Book: The Wizard of Menlo Park: How Thomas Alva Edison Invented the Modern World

The Wizard of Menlo Park: How Thomas Alva Edison Invented the Modern World by Randall E. Stross

To say Thomas Edison is an iconic figure is an understatement. His image is so deeply entrenched within culture that its hard to separate what is truth and what is fiction and what constitutes a fact.

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The image of genius who just cant stop innovating was appealing and convenient for journalists of the era. Multiple headlines were screaming describing amazing pace of spitting out new machines and businesses.

While Thomas Edison was without a doubt a great innovator, he was a lousy businessman. He had a knack for getting public excited but he often under-delivered on his promises of bringing ideas to market and changing lives with them.

He was a resident of Menlo Park only for a short time ( 7 years? )and most of hes subsequent career he wanted to come back to that isolated place where he could innovate with peace

(all this reminds me of skunkworks approach that 10x the output by isolating employees and providing singular focus)

All in all, his life seemed pretty drab.

All the successes had were like startup unicorns that flare out when he failed to make his products commercially available. He really just wanted to be left in peace in his laboratory.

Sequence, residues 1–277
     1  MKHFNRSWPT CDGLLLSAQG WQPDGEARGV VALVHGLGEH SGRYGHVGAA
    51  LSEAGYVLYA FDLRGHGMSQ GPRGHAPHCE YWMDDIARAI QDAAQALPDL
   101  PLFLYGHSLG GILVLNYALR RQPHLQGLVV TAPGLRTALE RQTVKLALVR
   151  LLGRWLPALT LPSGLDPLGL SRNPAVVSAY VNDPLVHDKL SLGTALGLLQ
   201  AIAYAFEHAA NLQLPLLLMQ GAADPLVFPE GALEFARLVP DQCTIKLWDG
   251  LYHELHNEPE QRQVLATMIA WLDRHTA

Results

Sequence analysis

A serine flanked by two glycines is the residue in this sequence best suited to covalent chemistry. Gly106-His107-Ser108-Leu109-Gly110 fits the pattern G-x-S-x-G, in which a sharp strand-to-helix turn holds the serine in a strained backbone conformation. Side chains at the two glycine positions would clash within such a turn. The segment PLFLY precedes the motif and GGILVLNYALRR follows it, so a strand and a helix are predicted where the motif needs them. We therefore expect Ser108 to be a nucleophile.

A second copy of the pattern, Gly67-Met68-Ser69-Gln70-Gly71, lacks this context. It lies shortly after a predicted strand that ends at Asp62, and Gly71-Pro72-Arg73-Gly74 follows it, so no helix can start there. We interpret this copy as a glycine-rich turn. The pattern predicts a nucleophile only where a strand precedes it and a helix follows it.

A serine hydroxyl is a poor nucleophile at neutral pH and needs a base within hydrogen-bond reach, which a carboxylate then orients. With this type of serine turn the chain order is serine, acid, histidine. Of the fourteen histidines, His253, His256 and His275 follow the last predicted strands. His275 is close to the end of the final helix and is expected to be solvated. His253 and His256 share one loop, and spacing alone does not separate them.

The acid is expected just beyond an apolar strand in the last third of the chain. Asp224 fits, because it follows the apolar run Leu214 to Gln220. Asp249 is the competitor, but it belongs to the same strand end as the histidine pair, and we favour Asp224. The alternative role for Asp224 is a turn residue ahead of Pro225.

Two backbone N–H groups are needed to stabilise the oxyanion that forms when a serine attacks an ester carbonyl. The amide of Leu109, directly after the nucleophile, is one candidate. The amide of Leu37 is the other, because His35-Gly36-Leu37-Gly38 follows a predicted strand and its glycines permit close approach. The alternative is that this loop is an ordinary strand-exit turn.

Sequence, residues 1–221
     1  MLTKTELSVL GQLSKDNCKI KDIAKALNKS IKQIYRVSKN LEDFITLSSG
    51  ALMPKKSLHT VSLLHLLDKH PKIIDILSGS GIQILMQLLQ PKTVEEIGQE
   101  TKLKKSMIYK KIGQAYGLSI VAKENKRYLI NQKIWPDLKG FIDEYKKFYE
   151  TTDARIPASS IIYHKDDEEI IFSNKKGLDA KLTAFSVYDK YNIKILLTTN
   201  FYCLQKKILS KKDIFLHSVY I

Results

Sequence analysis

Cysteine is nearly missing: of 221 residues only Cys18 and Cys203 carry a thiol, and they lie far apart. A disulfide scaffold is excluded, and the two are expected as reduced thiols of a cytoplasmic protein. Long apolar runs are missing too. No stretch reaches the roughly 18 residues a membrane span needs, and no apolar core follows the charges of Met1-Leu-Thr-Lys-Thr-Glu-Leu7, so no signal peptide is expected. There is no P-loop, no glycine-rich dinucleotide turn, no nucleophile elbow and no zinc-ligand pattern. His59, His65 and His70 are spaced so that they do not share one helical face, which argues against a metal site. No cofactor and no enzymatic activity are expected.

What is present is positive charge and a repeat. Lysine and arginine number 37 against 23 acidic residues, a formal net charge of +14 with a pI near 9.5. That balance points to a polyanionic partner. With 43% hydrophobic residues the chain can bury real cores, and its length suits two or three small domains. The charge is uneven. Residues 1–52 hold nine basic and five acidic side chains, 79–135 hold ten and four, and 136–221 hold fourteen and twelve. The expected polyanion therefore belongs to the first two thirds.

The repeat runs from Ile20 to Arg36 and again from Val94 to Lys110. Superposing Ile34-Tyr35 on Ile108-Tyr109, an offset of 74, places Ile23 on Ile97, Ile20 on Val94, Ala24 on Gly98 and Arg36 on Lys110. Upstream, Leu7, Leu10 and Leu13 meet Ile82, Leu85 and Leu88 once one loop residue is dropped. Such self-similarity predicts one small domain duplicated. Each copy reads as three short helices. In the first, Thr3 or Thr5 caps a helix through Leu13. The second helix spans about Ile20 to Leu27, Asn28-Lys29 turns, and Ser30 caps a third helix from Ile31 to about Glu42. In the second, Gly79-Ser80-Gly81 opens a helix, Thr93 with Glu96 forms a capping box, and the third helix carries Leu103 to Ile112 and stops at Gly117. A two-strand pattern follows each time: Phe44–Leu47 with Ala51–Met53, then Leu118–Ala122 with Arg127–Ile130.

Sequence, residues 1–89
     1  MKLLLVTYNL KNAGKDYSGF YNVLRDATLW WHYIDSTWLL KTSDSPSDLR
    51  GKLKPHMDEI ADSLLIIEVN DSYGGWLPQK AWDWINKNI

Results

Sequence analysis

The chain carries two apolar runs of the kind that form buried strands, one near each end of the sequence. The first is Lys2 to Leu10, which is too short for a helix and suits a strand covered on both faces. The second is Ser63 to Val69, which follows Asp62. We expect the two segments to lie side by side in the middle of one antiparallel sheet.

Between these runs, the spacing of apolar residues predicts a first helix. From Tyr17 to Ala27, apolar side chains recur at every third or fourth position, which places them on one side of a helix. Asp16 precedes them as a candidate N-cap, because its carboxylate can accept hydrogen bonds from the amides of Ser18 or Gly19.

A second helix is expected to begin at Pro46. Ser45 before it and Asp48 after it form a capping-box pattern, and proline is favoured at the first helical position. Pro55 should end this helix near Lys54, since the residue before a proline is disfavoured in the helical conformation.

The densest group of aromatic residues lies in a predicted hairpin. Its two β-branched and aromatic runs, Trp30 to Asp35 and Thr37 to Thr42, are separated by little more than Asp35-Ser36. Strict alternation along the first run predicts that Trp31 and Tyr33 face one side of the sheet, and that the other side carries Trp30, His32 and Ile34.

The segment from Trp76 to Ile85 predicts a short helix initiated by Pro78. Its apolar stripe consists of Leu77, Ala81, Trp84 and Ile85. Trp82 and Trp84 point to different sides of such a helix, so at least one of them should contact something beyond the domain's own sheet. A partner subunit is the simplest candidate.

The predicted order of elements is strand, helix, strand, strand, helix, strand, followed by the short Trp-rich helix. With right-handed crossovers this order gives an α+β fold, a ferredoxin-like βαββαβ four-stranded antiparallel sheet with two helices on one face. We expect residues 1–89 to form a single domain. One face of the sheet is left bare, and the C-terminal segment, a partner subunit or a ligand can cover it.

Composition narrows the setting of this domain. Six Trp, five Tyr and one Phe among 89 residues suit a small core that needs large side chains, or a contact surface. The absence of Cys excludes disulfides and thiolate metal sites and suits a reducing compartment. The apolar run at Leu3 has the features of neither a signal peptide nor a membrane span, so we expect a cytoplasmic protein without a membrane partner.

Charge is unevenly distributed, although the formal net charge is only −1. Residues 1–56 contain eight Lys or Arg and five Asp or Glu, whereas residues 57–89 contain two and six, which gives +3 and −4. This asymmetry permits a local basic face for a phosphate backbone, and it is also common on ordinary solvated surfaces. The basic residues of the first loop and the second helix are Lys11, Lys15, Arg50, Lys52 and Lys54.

General Electric is a company that was founded by his efforts and continues to flourish to this day, but it shunned his name from the title in 1892.

Tesla vs Edison

Oatmeal sells this great print

The epic „Battle of currents” between Tesla and Edison is a very compelling story. Two wizards of the modern age fighting for the future of all electricity is a compelling story.

Yes, it may have gone too far and yes, Edison has electrocuted an elephant. There were also a stories of current „leaking” into the ground and electrocuting a bit people standing above the lines.

But he was really just trying to innovate and hew as convinced about superiority of
direct current.

My highlights

  • In his spare time, Edison spent time with a small chemistry laboratory that he set up in the baggage car. Flammable chemicals did not travel as well as the printing press. When a bottle of phosphorus fell and set the car on fire, the conductor ejected Edison, his chemical laboratory, and his printing press.
  • The vote recorder was a bust, and the lesson Edison drew from the experience was that invention should not be pursued as an exercise in technical cleverness, but should be shaped by commercial needs.
  • Edison was disinclined to drink with his fellows because it would pull him off track, interfering with the greater pleasures: tinkering, learning, problem solving
  • The isolation of the Menlo Park setting infused the laboratory with a feeling of unbounded creative freedom
  • which also meant that little interest could be mustered for fixing problems with older products like the electric pen.
  • The fault, Edison was told by another manager, was with the customers’ “prejudice and stupidity.”
  • This was a short-lived idea—only a month later, Edison wrote in a laboratory notebook in an agitated hand: “My wife Dearly Beloved Cannot invent worth a Damn!!”

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